Diary of a Chain Stitcher: Little Woollie Cocoon Coat in Charcoal Boiled Wool from Dragonfly Fabrics

Mum's dress was a maroon/purple so I chose a binding to match. I love how that pulled it together as an outfit; those little touches are totally a reason to make your own clothes! I actually bought readymade cotton binding from MacCulloch & Wallis for once as I needed so much of it. In the end I didn't quite have enough but luckily had some similarly coloured fabric in my stash and made an extra bit which I used on the armholes! I did have a bit of trouble with bulk in the armhole seams and when I first finished it it looked a little awkward from the outside in this area, like the thickness of the seam allowance and binding was stretching out the wool. After mulling it over for a while I unpicked the binding and heavily graded down the seam allowances before restitching the binding. This made the world of difference and the sleeves hang much more naturally now. If you are making the lined version I would recommend grading and notching this seam.

Diary of a Chain Stitcher: Little Woollie Cocoon Coat in Charcoal Boiled Wool from Dragonfly Fabrics

It is so easy to get nice clean edges and shapes with boiled wool. The facing sits so beautifully once graded, under-stitched and pressed. I love the shape of the neckline and the classy single button fastening. I chose to go the extra mile and do a bound buttonhole as I enjoyed the process of making them so much on my coat. Again I used the method in Claire Schaeffer's Couture Sewing Techniques after doing and practice one first. It came out so great in this wool! I knew it needed a fairly big button to balance out the look but couldn't find anything I liked to complement the texture of the wool. I decided to try my first self covered button and couldn't be happier with the choice! I was worried that the wool might be too thick but again it moulded beautifully. My button is a touch smaller than the pattern calls for and I really like it.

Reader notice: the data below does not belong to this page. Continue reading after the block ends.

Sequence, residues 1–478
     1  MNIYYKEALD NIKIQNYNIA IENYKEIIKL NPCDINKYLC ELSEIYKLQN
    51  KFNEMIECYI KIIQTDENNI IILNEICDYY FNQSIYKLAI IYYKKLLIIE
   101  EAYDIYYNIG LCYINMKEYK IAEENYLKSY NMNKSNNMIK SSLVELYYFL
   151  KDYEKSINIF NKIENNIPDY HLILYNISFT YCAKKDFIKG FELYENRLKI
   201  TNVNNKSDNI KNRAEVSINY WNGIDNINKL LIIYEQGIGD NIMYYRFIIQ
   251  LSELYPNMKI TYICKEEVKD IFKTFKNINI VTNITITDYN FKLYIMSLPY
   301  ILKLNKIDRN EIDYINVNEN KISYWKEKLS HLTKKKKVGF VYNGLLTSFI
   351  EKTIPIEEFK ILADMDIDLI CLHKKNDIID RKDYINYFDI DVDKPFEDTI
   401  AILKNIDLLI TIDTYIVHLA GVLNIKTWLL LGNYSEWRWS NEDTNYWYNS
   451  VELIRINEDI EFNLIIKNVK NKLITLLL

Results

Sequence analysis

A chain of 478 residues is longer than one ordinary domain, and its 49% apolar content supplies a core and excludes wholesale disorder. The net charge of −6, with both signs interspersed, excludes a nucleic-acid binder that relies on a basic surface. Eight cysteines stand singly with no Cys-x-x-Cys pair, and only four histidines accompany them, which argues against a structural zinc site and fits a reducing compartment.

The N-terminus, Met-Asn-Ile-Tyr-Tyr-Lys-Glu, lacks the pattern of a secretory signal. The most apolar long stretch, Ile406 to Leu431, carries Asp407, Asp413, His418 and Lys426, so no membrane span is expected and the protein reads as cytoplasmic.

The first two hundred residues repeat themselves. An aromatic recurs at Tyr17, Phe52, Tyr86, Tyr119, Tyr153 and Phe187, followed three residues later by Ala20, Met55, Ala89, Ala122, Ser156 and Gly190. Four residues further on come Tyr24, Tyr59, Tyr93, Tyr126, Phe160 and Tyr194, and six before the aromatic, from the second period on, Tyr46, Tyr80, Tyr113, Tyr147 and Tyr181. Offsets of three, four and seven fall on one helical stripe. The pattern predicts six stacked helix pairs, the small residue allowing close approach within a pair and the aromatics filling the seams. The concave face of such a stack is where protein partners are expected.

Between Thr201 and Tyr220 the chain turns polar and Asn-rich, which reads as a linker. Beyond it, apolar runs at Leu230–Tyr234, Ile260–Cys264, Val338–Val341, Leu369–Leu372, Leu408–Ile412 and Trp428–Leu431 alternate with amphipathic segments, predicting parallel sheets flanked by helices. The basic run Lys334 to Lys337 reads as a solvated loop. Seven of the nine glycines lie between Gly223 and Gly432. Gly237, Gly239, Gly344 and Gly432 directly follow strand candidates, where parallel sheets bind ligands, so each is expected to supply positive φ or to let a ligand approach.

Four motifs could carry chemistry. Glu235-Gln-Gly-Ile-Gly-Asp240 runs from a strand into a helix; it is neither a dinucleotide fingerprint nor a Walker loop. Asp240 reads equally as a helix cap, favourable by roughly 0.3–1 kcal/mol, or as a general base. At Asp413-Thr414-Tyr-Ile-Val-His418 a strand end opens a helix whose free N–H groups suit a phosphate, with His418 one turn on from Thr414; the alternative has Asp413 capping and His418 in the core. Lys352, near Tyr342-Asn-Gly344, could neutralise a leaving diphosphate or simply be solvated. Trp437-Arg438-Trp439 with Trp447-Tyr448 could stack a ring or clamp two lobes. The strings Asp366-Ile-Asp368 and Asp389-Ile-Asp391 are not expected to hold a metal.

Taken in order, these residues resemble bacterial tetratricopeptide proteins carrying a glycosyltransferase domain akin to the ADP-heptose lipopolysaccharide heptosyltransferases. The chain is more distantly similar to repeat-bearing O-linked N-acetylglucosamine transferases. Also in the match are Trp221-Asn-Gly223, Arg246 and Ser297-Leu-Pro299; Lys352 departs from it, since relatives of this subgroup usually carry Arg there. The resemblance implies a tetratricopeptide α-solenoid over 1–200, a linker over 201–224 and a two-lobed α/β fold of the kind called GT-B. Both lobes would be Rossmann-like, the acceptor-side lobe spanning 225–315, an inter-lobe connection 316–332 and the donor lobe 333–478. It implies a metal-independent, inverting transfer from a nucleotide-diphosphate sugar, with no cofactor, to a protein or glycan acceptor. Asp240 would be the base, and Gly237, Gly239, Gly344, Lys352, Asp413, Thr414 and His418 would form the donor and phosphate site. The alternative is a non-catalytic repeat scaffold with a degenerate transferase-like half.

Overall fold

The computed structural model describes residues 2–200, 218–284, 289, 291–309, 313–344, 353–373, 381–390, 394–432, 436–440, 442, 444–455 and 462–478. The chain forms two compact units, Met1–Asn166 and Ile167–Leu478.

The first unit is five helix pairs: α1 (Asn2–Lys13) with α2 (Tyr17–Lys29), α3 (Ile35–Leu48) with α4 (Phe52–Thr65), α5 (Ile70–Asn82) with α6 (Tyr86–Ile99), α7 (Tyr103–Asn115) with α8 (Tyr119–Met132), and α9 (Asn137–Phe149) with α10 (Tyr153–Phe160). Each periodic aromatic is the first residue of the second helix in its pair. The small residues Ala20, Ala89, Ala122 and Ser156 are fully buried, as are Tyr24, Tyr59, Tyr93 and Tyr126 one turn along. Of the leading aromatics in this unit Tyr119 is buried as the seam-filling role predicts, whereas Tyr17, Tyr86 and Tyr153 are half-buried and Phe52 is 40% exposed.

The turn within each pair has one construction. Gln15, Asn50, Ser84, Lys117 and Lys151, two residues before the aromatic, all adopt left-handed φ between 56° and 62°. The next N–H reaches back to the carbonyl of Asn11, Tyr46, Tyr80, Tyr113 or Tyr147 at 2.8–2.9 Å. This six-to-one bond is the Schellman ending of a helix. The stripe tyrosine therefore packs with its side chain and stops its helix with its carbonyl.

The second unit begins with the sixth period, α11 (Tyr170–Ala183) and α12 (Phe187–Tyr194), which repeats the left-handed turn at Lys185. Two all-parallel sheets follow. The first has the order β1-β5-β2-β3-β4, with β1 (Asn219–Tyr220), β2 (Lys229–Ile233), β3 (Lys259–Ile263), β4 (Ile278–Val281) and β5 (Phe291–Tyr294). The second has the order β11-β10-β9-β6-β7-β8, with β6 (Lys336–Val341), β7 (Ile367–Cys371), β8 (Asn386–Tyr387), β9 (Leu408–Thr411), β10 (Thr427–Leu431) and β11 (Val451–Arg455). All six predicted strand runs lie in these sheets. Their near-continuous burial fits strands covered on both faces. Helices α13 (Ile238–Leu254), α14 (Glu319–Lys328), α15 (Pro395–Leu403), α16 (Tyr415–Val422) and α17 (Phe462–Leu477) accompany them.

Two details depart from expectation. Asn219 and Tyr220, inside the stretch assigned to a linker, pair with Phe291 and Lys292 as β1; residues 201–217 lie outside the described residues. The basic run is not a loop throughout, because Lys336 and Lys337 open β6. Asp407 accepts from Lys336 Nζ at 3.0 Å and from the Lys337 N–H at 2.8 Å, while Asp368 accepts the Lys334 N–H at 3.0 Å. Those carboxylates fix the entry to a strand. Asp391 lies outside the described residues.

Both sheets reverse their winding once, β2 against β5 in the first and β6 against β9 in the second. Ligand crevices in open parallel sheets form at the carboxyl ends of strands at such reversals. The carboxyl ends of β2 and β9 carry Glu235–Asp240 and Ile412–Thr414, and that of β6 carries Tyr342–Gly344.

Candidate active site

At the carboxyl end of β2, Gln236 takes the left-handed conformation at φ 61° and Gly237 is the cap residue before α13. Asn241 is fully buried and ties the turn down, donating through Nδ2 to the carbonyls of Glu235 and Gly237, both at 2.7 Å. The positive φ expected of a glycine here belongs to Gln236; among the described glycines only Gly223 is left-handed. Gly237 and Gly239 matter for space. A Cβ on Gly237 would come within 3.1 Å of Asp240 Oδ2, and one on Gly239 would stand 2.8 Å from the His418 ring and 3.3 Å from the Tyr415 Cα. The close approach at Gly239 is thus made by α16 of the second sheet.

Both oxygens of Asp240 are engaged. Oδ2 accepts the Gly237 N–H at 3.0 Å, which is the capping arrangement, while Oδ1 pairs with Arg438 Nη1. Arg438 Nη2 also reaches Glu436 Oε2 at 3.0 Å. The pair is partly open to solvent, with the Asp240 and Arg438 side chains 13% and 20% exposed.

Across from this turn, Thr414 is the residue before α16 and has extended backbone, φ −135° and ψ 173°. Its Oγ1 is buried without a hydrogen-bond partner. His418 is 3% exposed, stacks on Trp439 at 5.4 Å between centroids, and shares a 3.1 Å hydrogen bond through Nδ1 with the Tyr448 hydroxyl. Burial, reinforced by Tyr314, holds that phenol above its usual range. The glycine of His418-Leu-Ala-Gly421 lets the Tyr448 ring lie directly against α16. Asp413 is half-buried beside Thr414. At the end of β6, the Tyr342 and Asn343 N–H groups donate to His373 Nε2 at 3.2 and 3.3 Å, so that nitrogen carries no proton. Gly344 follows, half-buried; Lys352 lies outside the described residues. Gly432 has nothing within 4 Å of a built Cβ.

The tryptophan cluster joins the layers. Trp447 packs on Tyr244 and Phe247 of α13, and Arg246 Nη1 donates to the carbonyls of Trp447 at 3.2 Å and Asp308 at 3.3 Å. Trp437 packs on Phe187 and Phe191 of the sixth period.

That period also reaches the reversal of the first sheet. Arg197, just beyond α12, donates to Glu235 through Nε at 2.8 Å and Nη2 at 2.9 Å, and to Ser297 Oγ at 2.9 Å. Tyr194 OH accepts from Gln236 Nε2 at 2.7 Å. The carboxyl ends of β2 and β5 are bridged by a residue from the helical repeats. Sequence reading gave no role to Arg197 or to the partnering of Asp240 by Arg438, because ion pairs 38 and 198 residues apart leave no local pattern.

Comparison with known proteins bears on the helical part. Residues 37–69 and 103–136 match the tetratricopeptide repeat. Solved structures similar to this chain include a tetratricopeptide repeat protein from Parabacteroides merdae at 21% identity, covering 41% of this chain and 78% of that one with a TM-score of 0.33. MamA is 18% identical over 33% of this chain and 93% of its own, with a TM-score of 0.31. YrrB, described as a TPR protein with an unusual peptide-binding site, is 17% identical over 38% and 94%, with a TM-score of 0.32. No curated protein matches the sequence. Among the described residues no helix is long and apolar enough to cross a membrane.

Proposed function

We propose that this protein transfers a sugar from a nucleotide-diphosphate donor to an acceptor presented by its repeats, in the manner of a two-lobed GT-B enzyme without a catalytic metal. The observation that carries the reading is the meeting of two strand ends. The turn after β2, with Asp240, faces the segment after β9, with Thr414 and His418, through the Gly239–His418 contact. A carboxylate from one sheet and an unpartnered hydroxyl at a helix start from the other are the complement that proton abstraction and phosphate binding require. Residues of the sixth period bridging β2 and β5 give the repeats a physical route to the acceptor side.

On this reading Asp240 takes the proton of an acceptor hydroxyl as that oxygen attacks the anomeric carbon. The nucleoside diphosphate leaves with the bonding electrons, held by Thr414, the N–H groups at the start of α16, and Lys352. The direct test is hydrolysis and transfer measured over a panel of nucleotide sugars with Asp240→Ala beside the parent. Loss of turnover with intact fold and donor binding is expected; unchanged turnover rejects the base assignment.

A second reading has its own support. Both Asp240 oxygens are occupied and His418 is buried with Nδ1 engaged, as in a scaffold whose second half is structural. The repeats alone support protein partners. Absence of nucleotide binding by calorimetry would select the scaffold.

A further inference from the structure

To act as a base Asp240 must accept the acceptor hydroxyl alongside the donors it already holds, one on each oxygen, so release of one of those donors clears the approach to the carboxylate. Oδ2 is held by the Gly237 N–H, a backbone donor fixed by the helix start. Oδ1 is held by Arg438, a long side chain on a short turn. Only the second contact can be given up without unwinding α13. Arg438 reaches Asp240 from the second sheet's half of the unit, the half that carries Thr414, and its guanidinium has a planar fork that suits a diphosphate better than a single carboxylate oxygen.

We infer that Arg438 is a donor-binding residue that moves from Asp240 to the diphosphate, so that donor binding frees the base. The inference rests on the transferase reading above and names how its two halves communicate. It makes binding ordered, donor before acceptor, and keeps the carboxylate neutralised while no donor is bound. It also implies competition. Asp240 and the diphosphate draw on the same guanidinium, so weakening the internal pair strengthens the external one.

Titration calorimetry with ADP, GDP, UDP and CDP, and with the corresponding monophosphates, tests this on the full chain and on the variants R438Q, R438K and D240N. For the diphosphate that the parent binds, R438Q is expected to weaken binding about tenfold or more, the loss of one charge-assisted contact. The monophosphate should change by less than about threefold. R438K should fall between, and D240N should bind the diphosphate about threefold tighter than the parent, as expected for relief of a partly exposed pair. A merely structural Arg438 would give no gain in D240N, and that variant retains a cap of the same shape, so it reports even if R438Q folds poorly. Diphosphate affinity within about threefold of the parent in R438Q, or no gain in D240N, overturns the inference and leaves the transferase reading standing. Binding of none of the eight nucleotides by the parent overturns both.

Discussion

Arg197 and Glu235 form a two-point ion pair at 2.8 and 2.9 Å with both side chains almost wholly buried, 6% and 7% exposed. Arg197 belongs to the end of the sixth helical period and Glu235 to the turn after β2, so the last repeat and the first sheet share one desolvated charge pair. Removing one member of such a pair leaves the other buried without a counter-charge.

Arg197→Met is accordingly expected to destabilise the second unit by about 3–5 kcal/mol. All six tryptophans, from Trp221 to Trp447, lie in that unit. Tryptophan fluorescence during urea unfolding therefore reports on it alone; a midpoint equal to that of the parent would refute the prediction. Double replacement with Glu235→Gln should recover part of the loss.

Diary of a Chain Stitcher: Little Woollie Cocoon Coat in Charcoal Boiled Wool from Dragonfly Fabrics

I did quite a lot of hand stitching as it was such a special project. Also boiled wool is super easy to hand stitch as its so straightforward to catch a few fibres at a time without the stitching showing through to the right side! I stitched the hem, cuffs and facing down around the neckline with a herringbone stitch behind the binding where you can't see it. A herringbone stitch allows for a bit movement which means the whole coat will hang and move a little more naturally. I also caught the pocket bags down to the centre front with little swing catches to keep everything in place.

Diary of a Chain Stitcher: Little Woollie Cocoon Coat in Charcoal Boiled Wool from Dragonfly Fabrics